Now there was a question that couldn’t be answered. Maybe Rachel would have sent away to some distant extended family member, living a normal teenage life. Maybe she would have ended up in the foster system. Or maybe she would have been eaten alive by zombie scientists. Who could say?

So instead of answering, Wynonna just clinked her mug against Nicole’s and drank deeply.

They kept watching. And drinking. And Nicole continued her melting-snowman-puppy impression.

Between episodes, Wynonna caught her looking at her watch and frowning.

“Do you want me to call her?” she asked again, exasperated, but the redhead shook her head. “Okay, then stop watching the clock. What, am I not good enough company for you?”

Nicole grunted vaguely. Then, almost as if proving a point, she slid sideways, all at once, flopping over with her head landing in Wynonna’s lap.

Wynonna froze like a statue. This kind of thing had not previously been a feature of their friendship, so it took a good five seconds to make sure it didn’t feel weird.

Five… four… three… two… one… Okay…

It didn’t feel that weird. Truth be told, it wasn’t all that different from the way she and Waverly might sit if one of them were upset. And after all, it was probably only a matter of time until Haught was legally her sister, too, so they both might as well adjust to that fact ahead of time.

She absently patted Nicole’s shoulder and felt her sigh.

“She’ll be back soon. They’ll be back soon,” Wynonna said, trying to project total confidence into her voice.

And really, there wasn’t any reason to assume that anyone was in any danger. If anything were really wrong, Waverly or someone else would have called her by now. They had both probably just lost track of time.

“Yeah…” Nicole murmured, sounding unconvinced.

They were well into the next episode, and both their mugs were sitting empty on the floor, when they heard the rattle and creak of the front door opening. Both of them perked up at the sound. Wynonna mentally crossed her fingers, and was only half disappointed when Valdez entered the room, unwrapping a red scarf from her neck, over a very familiar leather jacket.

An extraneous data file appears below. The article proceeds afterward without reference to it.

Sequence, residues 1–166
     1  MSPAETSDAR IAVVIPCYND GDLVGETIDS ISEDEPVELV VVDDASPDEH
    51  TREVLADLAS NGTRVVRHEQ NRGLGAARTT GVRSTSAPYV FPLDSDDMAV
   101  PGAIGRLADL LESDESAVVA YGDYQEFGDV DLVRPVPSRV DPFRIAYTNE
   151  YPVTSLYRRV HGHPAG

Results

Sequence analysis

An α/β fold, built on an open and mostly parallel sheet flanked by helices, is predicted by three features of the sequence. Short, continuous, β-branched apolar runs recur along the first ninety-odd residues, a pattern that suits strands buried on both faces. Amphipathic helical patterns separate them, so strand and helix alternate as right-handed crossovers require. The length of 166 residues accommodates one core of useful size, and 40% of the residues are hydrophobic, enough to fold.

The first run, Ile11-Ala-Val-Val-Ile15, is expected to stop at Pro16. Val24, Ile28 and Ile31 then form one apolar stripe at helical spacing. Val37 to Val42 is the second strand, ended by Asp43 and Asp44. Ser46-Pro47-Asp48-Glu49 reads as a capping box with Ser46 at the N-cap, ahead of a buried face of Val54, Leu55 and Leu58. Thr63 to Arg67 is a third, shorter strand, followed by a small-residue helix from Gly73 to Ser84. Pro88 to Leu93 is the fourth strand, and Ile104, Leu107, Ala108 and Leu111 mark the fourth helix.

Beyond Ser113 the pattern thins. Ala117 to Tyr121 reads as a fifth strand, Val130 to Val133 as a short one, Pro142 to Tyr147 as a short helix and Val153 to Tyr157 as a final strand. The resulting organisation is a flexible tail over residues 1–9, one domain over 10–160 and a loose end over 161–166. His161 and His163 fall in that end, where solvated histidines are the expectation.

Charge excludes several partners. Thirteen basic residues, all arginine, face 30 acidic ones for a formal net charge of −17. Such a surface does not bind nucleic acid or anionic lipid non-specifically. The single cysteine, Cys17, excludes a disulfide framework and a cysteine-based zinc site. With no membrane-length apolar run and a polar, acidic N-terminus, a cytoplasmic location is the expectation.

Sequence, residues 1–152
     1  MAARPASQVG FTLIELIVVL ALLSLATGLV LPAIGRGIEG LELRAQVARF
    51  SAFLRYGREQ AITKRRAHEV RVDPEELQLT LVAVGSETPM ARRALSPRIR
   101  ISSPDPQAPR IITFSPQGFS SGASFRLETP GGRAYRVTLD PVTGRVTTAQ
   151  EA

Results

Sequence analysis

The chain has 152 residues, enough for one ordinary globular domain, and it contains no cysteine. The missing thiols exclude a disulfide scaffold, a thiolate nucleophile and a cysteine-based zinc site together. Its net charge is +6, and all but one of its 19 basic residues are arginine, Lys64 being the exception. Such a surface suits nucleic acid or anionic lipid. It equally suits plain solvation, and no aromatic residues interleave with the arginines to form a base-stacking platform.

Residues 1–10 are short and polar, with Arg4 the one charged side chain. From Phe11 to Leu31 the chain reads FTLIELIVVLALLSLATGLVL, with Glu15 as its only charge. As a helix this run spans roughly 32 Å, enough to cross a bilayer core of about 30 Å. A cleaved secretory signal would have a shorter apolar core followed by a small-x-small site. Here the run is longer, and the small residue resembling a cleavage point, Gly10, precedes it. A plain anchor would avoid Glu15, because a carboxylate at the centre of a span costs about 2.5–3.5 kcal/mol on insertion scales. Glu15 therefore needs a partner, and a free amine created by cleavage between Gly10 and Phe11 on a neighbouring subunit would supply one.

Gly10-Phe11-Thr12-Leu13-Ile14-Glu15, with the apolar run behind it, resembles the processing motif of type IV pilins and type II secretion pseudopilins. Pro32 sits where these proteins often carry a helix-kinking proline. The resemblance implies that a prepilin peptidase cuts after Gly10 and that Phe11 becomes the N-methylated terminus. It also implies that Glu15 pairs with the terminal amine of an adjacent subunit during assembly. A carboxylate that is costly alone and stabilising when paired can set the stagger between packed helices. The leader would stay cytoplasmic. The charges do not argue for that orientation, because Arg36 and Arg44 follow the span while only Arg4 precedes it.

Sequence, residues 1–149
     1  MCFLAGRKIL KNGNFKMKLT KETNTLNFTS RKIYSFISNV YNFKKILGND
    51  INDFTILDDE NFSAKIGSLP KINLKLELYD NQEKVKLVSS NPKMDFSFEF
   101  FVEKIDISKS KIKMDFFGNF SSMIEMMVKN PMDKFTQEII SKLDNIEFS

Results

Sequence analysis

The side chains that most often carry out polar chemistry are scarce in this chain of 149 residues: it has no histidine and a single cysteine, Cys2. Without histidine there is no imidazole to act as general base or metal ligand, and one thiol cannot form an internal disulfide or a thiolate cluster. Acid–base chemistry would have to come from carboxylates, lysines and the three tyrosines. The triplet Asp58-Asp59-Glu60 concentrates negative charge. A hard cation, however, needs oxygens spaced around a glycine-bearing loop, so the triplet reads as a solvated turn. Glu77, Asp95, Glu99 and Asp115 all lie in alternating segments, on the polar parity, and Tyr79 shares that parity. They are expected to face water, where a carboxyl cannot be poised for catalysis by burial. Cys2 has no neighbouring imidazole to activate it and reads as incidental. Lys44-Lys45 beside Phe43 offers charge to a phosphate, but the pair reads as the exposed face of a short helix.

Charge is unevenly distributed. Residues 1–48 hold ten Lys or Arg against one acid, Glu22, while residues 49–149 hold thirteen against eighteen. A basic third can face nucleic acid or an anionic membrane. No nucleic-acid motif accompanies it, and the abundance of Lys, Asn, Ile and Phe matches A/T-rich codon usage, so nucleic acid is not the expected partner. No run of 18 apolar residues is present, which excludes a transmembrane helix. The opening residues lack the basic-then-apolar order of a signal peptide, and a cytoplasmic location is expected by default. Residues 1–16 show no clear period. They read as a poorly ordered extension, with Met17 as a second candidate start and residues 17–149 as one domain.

“You’re back late,” Nicole said, propping herself on one arm, fully sounding the part of the concerned parent. “Is everything okay?”

Rachel nodded, tossing the scarf onto the back of the armchair.

“Yeah, I was just checking out a new place and lost track of time. Don’t worry, no mugs.” She seemed to notice the TV, and her eyes lit up. “Oh, cool, movie night?”

She rounded the couch, and Nicole curled her legs back to give her a space to sit down. Rachel looked askance at the two of them, raising an eyebrow at Wynonna when their eyes met.

“Still not polygamists,” Wynonna deadpanned, and Rachel smirked.

“Just friends, right?” she said, mock-innocently.

Best friends,” Wynonna corrected her… apparently a bit too quickly, because Rachel snorted a laugh. Wynonna rolled her eyes and attempted a glare. “Can it, Smalldez, or I take back my jacket the hard way.”

“I was just borrowing it,” Rachel said in self-defense, tugging at the lapels. “It looks better on me anyway.”

Wynonna opened her mouth to argue, but Haught shushed both of them, her head slumping back into Wynonna’s lap.

“You guys are missing the show,” she mumbled, sounding sleepy.

“Oh, is this Property Brothers?” Rachel said, apparently paying attention to the screen for the first time. “I love those guys!”

With that, Wynonna and Rachel both settled down into a détente. At the next commercial break, Rachel ducked away, only to return several minutes later with a bowl of popcorn. Nicole had taken the opportunity to stretch her legs back out, so when Rachel returned, the teenager moved them just enough to slide underneath, before letting them rest in her lap. She held out the popcorn bowl to Wynonna, apparently as a peace offering, and her tribute was accepted.

The show played on, and on, and on, episode after episode. Nicole missed most of it. Sometime after Rachel’s reappearance, the whiskey or the stress or the exhaustion seemed to have all sunk in, and with her head in Wynonna’s lap and her feet in Rachel’s, she slipped off to sleep.

After another episode or two had passed, Rachel cleared her throat conspicuously. Wynonna looked over, and the teenager made a show of shrugging out of the jacket and handing it back to her.

“If it’s not in same condition it was when you stole it, you’re toast, kid.” Wynonna said, giving it a cursory inspection. Valdez rolled her eyes.

Borrowed,” she corrected. “And chill, it’s fine.”

Wynonna grunted, considered putting it on, then instead draped it over Haught’s sleeping body as a makeshift blanket. Rachel tracked the movement with her eyes.

“Is she okay?” she asked, her voice pitched with a very intentional casualness, as if the answer wasn’t that important, or like she didn’t really expect anything serious as an answer.

“She was worried. About you,” Wynonna said. “And Waverly.”

Rachel’s eyes turned down guiltily.

“I’ll text her next time,” she promised. “I thought one of you were home. I didn’t mean for her to wait up alone.”

Wynonna remembered her parting words before she leapt into the Garden: Don’t you dare leave her alone.

It probably wasn’t a completely fair demand to make of a kid.

“Well, that’s Haught for you,” she sighed. “It’s kinda like having a puppy.”

“It’s kinda like having a parent,” Rachel disagreed softly.

“Yeah, that, too,” Wynonna admitted. Then she shot a suspicious look across the couch, trying to cow Rachel with just a glance. “Don’t tell her I said that.”